Decorating Tips For Christmas with Frank Newbold

17th Nov 2023

Dressing your home for Christmas, with Frank Newbold

As the season approaches, one thing’s for sure: the defining element of every home’s festive décor is the tree. If you’re still undecided on how you’ll be dressing yours, join us in taking a closer look at one of the decorative themes featured in our Christmas Shop. Our Woodland Spirit range heroes a Nordic-inspired look that’s warm and dreamy. How better to experience it then, than seeing in situ? Thanks to interior designer Frank Newbold, we did just that. This week, we sat down with the founder of Hestia & Hearth for a chat about how to dress your home to evoke joyful ambience…

Frank Newbold and Garden Trading

After a tour of your cottage, we’re certainly feeling festive now, Frank! What are your favourite pieces from our Christmas Shop and how have you styled them?

Your Door Wreaths were immediately the pieces I was drawn to. They present so many options, both in terms of how you can decorate with them and also in the way they can physically be presented. They don’t simply need to be hung vertically as you’d expect either; they also work elevated over a dining table. This year I’ve gone for the half wreath look, leaving one half of the beautiful rattan exposed so it can do the talking. With different sizes available, there’s so much flex to get creative – and a wealth of choice when it comes to decorating them! The best thing about these pieces is their sustainability; you can buy a wreath today and still be using it for decades to come – and in completely different ways; its scope is endless!

My other favourites are the Murrine Baubles – the scale of them is just magic and makes them really showstopping pieces that can be used in displays all over the house – whether ‘rolling on their own’ displayed on a tray or featuring them on your Christmas tree. They are just brilliant! My top tip when it comes to using them on your tree is to make them the second thing you’ll place after you’ve arranged your lights. The trick is in wiring them – and you do it by firstly tying a bauble to a branch and then hooking it to the tree’s trunk so that its weight is evenly placed and the branches don’t wilt as the weeks roll by. That way they’re in perfect prime position throughout the festive season and also really well secured – which of course is completely vital if you’re featuring glass items.

Christmas decorating with Frank Newbold at Garden Trading

When it comes to festive decorating, where do your inspirations lie?

My obsession has always been glass, glass and more glass when it comes to festive looks! It began right back when I was aged just 7 and first got involved in decorating for Christmas - on an industrial scale(!) – at my Auntie Loretta’s cavernous Victorian home in Birmingham. My aunt’s always been obsessed with Christmas and prior to retirement worked at the same company for 50 years. Luckily, they didn’t seem to notice that she would annually call in sick on the first Friday of every December! The reason? She needed to transport no less than 30 crates of Christmas decorations down from the loft, which would be met by an excitable yours truly! Together, every year – we would work from the Friday night and all-day Saturday to decorate her beautiful home from top to bottom and transform it into the perfect abode for Christmas.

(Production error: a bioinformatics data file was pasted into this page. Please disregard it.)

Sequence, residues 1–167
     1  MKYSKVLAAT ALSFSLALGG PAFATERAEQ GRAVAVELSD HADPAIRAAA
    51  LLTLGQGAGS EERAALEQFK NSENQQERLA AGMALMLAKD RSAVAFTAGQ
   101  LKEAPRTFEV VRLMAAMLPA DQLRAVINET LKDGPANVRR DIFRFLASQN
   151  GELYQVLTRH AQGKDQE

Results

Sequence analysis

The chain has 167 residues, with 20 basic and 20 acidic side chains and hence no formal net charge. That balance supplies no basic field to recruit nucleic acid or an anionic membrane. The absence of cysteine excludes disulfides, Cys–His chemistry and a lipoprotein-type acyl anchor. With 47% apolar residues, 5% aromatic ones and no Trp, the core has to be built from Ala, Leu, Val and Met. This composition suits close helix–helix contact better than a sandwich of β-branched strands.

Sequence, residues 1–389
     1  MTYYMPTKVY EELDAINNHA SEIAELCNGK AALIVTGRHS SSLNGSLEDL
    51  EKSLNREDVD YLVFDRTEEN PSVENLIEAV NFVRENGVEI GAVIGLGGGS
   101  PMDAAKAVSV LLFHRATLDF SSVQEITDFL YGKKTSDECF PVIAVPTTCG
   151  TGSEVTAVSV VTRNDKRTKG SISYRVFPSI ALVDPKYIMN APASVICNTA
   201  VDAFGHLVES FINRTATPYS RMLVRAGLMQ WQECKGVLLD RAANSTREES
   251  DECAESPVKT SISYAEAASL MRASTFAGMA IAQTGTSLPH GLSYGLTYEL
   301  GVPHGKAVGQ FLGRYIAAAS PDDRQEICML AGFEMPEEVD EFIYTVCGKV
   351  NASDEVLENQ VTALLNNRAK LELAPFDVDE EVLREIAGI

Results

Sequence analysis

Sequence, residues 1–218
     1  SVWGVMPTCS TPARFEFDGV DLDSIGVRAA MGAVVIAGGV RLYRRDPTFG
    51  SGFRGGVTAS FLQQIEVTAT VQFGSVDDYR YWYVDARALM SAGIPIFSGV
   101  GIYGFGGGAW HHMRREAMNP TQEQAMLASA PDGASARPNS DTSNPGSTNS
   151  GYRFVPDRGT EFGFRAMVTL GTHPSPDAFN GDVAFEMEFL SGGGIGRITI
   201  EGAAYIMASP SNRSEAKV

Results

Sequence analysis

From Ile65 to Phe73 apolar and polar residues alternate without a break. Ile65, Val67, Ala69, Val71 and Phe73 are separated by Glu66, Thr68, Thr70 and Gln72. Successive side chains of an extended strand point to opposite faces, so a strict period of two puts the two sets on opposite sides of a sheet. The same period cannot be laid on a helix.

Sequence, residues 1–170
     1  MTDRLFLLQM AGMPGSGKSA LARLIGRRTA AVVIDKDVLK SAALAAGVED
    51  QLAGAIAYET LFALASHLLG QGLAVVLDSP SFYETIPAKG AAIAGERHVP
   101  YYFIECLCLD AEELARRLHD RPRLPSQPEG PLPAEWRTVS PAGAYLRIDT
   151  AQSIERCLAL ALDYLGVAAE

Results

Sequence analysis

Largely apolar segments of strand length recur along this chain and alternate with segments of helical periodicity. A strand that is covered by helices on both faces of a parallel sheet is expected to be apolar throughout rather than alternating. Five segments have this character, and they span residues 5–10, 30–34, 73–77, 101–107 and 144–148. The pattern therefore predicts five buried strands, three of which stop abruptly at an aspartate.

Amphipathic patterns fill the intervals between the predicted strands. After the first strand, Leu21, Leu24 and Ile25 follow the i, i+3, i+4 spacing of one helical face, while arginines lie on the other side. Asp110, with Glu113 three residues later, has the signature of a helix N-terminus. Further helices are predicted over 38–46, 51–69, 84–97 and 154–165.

I have Loretta to thank for my early interest in interior design; she fostered it wonderfully from such a formative age and gave me carte blanche to take the look and feel of her home in any direction I wanted – which was such a gift! The good news (for her!) was that even from a young age I’ve favoured glass and as a child completely bypassed the plastic decorations that were a mainstay of the era which I grew up in! In fact, my aunt had this collection of gold oversized plastic bells and for the first few years of decorating together she would try and slot them into her Christmas design, by attaching them to door knockers or positioning them on her mantel pieces. I’d then follow her around, stealthily removing them! Aside from our differing taste on those items(!), I had lots to learn from Loretta and her home became the birthplace of my love of interior design. She also introduced me to the power of organza as a feature – which is still something I’m still a heavy user of today! Together we’d spend ages wrapping reams of ribbon around rolling pins and use them to decorate her Christmas tree. Since childhood, my love of festive decorating is always dedicated to achieving a look that’s classic, timeless and paying homage to an abundance of fresh foliage. That’s never changed and is just something that I’ve refined throughout the years.

What’s the process you go through when designing a festive mantel? Are there any particular benefits to choosing certain pieces that you’d like to share?

First things first; take a look at the length of your mantelpiece or console table top to work out the scale. I always go with creating a garland that is twice the width of its intended home. You need to think either side of it, so - in terms of layout – say your mantel is a metre in length, I’d look to be producing a design that covers that one metre across and then features an additional 50cm hanging down either side of it. One important thing to say; I’m not a fan of symmetry, but I LOVE balance – so the two sides of your garland need to work as sisters – not twins! In terms of how I’d design it - I’m a big believer in using what’s around you. If you’ve got a holly bush or eucalyptus in your garden – cut some sprigs and use them! When it comes to piecing it all together, my rule is always heaviest foliage first, which usually means offcuts of spruce or fir. I actually wire them to the wall; it’s a few holes that you can easily fill or cover post-Christmas and you’re safe in the knowledge that everything will sit securely for the duration.

Once your heaviest pieces are in situ, you can introduce the next step – medium foliage. For this – we’re usually talking sprigs of holly which you’ll drape over your evergreen base. Next up is foraged moss – again I’m a big believer in popping out into the garden and using your finds as layer three, slotting them into natural gaps in the design.

It’s then over to little decorative features – I pack in fresh crab apples and also dip into my box of dried oranges – either whole or sliced, limes and pine cones. These are always grouped in 3s or 5s, which I nestle into the foliage.

My final addition to a garland display is Asparagus Fern, which is a fabulous topper for filling holes and building texture. Its natural squiggles also make displays look much more natural and organic in design.

Christmas mantlepiece by Frank Newbold | Garden Trading